New Cowboys assistant coach Bob Connelly hopes to catch his breath...soon.
Connelly’s been in a rush since arriving in Stillwater in February.
All new faces.
Instant pressure, too, since outside of perhaps only defensive coordinator Glenn Spencer, Connelly faces OSU’s most pressing “To Do”: rebuilding the offensive line.
“It’s been a whirlwind,” Connelly said. “There’s so much going on, obviously. We’re trying to put in an offensive game plan. I’m coming in trying to learn a whole new offensive scheme, terminology, all those things. Trying to stay one step ahead of the players...trying to evaluate our current players. And then as we all know, with the speed of recruiting and year-round recruiting, I’m trying to evaluate our 2015 and even some ’16 kids.”
It would have been nice if Connelly had joined Mike Gundy’s staff finding five fifth-year senior starters ready along the offensive front for an Aug. 30 date with defending national champion Florida State. Instead, he inherits an overhaul, with but one lineman – senior Daniel Koenig – owning more than eight career starts.
Guard Chris Grisbhy, who started eight games as a junior college transfer a year ago, gives OSU another senior up front. Otherwise, the depth chart is dominated by freshmen and sophomores.
If senior Brandon Garrett and junior Devin Davis return to form off major injuries, the line gets a boost in experience and quality. But for now, Connelly is leaning on a starting group that includes sophomore Paul Lewis at center, sophomore Zac Veatch at a guard and true freshman Zachary Crabtree at right tackle. The key backups are sophomore Michael Wilson and redshirt freshman Jesse Robinson.
That’s a lot of pups for a unit that prides itself equally for its versatility in excelling at both run and pass blocking.
“We’ve got a young group,” Connelly said. “We’ve got some inexperienced kids. But for the most part, their hearts are in the right place. They come and work each and every day. We’re making progress.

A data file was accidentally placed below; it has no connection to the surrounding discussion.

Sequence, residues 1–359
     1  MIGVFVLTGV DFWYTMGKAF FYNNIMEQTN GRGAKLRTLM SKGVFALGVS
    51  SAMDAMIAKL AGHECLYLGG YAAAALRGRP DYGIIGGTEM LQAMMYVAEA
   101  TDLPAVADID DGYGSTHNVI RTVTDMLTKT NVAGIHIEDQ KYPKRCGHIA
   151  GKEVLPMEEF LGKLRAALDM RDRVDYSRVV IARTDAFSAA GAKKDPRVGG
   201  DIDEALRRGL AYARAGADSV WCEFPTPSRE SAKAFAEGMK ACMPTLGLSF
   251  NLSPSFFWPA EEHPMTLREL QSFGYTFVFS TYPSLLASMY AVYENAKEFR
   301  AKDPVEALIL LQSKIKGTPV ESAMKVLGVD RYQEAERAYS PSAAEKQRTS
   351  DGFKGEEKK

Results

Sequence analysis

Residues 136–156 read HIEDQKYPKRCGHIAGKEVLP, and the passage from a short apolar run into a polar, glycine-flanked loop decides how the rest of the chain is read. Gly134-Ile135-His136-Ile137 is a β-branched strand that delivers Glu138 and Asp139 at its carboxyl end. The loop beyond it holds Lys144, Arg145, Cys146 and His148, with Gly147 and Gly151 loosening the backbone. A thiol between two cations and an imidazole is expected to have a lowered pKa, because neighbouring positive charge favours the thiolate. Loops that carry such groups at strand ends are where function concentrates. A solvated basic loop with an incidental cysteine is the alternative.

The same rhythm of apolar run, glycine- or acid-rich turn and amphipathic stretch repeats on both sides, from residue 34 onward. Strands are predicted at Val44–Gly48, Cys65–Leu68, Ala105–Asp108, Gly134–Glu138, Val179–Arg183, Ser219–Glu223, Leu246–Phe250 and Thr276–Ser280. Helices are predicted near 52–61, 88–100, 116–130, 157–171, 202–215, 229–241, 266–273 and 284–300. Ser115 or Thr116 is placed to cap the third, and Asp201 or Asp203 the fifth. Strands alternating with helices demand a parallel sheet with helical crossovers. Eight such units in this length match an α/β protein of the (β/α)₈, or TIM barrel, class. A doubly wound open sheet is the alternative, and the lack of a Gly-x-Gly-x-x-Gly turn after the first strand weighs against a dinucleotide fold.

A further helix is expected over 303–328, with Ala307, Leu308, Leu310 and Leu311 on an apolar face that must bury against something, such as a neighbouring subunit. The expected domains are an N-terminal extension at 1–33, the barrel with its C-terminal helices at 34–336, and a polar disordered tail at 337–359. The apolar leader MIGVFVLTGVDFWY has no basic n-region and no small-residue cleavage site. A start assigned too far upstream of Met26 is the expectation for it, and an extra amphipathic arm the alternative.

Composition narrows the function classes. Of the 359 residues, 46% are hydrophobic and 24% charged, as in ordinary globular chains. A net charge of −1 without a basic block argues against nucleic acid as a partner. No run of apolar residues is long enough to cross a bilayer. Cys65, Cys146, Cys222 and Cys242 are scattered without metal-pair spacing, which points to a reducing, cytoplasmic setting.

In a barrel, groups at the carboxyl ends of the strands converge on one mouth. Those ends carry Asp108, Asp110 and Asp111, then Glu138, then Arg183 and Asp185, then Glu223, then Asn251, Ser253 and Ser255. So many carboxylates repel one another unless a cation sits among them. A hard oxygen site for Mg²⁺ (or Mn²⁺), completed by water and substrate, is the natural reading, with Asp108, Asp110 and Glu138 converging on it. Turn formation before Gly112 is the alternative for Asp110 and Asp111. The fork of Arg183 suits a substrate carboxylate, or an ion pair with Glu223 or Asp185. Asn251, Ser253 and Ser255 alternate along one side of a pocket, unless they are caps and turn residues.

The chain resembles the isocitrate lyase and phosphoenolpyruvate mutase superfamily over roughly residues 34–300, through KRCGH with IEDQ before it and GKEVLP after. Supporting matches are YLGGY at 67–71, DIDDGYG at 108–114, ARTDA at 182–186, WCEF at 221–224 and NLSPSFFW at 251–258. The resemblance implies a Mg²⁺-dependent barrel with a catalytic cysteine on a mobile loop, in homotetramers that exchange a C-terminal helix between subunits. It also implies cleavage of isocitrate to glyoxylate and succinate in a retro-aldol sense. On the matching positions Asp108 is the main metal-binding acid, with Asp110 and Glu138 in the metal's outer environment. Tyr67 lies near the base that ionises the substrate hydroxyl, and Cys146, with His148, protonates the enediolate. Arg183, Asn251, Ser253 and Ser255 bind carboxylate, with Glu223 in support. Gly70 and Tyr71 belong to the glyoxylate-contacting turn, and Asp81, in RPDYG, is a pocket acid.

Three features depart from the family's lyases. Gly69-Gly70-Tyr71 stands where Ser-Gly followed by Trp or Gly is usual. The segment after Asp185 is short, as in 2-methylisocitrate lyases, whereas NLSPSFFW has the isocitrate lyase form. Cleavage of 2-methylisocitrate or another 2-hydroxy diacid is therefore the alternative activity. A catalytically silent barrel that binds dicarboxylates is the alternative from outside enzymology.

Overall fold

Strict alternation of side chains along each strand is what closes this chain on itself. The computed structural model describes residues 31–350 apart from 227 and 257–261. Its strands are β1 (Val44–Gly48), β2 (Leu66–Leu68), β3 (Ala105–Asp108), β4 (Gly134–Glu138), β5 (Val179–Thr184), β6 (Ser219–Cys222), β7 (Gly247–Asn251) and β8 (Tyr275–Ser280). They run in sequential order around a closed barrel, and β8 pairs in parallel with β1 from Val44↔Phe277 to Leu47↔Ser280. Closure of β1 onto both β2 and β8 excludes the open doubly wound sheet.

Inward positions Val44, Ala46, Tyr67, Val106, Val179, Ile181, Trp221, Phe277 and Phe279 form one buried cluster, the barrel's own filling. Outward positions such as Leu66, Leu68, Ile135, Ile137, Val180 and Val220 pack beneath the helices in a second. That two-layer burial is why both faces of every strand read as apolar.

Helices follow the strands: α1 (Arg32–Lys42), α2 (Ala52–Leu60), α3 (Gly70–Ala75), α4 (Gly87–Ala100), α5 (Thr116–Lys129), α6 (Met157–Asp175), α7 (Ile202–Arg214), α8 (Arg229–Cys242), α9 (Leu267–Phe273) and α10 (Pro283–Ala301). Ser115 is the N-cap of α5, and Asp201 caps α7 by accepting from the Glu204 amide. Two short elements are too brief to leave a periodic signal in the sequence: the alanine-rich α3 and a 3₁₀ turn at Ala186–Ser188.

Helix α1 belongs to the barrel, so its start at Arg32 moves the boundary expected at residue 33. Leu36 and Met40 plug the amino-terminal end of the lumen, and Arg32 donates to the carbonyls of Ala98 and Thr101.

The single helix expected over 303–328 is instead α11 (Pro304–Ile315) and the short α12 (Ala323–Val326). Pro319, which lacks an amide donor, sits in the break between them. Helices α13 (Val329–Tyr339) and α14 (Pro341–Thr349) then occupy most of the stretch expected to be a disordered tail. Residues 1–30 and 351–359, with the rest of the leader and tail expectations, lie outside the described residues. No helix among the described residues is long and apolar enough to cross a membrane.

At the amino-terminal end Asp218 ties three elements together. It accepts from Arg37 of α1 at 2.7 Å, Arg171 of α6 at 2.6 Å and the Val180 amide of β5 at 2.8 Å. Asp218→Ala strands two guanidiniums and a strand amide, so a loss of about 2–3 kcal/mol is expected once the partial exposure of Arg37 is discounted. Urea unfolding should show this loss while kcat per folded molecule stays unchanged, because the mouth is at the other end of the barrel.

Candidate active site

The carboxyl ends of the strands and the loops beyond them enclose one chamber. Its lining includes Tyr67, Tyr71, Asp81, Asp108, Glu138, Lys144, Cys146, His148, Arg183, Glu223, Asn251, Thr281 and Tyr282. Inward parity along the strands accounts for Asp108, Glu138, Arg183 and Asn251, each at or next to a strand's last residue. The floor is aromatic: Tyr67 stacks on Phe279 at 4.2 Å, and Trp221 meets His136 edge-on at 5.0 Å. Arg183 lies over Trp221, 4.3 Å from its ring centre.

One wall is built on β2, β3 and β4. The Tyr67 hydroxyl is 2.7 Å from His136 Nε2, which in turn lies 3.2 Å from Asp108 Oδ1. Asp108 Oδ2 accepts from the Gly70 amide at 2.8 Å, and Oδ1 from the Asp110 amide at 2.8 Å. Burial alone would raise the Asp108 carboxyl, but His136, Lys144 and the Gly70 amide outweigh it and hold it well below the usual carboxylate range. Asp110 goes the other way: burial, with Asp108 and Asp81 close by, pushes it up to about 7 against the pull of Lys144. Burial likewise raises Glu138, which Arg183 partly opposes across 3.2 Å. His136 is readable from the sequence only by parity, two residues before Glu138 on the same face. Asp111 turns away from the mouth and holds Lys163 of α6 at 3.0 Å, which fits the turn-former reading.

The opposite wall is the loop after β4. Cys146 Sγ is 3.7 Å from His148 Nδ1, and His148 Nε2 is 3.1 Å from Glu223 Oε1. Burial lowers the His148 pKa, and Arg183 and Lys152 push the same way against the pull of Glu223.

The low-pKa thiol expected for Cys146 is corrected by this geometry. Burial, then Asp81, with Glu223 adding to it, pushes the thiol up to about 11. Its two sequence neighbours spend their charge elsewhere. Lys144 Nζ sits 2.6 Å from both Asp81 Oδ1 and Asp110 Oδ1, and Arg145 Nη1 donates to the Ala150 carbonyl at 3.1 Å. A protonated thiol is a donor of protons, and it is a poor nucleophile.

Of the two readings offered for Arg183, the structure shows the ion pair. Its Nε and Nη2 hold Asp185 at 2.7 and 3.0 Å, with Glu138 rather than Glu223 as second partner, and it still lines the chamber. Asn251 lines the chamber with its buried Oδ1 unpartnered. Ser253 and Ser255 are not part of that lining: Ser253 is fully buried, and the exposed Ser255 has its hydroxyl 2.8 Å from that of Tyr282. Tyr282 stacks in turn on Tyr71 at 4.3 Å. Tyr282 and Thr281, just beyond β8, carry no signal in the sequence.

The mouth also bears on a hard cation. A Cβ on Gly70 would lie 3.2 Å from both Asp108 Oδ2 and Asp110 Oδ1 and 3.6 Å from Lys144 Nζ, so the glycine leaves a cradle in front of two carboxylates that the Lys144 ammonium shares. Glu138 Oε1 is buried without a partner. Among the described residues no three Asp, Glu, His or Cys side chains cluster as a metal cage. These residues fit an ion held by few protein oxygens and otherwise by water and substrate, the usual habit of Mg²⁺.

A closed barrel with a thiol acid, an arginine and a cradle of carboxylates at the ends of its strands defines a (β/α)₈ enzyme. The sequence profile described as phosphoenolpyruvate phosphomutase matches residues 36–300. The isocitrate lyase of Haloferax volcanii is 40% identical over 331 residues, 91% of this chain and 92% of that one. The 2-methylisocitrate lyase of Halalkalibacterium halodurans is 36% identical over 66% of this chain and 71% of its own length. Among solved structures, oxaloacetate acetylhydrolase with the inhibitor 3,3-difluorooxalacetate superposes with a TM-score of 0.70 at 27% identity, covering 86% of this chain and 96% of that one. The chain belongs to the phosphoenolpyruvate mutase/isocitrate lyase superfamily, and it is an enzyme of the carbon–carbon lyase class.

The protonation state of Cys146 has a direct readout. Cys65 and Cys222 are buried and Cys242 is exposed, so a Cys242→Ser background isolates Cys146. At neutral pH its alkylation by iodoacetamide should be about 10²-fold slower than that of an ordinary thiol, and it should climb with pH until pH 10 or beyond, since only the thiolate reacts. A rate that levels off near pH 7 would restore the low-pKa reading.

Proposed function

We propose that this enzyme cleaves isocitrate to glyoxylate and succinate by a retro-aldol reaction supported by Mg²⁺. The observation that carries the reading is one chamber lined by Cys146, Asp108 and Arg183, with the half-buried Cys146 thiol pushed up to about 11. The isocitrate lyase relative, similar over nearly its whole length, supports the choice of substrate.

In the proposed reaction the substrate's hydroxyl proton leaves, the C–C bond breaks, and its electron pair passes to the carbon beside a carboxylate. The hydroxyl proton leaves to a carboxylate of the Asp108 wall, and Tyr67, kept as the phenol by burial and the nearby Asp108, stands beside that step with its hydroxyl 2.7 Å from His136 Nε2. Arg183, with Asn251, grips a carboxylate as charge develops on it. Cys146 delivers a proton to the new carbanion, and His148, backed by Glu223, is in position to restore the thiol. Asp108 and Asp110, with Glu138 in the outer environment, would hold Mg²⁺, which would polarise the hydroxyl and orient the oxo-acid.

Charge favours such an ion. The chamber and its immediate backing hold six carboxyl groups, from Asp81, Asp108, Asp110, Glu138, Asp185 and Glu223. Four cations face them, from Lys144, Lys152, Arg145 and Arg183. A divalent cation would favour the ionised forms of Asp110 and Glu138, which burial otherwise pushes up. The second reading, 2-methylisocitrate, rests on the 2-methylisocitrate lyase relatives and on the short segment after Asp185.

“And that’s the only thing I ask these guys, ‘Come out here each and every day and everything we do is with a purpose. We don’t come to practice to get through practice. We don’t go to the weight room to get through the workout. We come with a mindset to get better.’”
The good news – Connelly likes the upside of the younger players. Crabtree, a 6-foot-7, 290-pound first-year player from Mansfield, Texas, has been one of the pleasant surprises of the spring.
“I really, really like the kid,” Connelly said. “I think he’s got a bright future. He’s got all the intangibles. He’s got a great work ethic. He got a great mindset. He asks great questions. He’s incredibly motivated for a young kid; he’s further along than you think maturation wise. Very, very mature for his age.”
The players seem to like Connelly as well, which is a key factor in developing a solid and cohesive unit.
Joe Wickline was the longest-tenured assistant of the Gundy era before he bolted for Texas, seeking a change. And Wickline’s record of producing formidable fronts is impressive.
Still, a fresh look can be good for both sides.
“They say change is a good thing,” said Koenig, who reminds that his two brothers, both OSU linemen before him, worked under multiple coaches. “This change is a good thing. You can see it out here. We’re breaking good runs and whatever.”
Connelly is tweaking techniques and steps, while also relieving pressure on the tackles, who were regularly left on their own out on the edge, but now get more double-team help from the guards. It might not make for the sexiest story of OSU’s spring camp, what with Tyreek Hill and Jhajuan Seales and the quarterbacks sparking conversations, but building a line is of vital importance.
“It’s a work in process,” Connelly said. “Things are starting to slow down now, having been here six weeks and having three weeks of spring practice under our belt. I’m kind of getting a better feel for where we are and where we need to be.”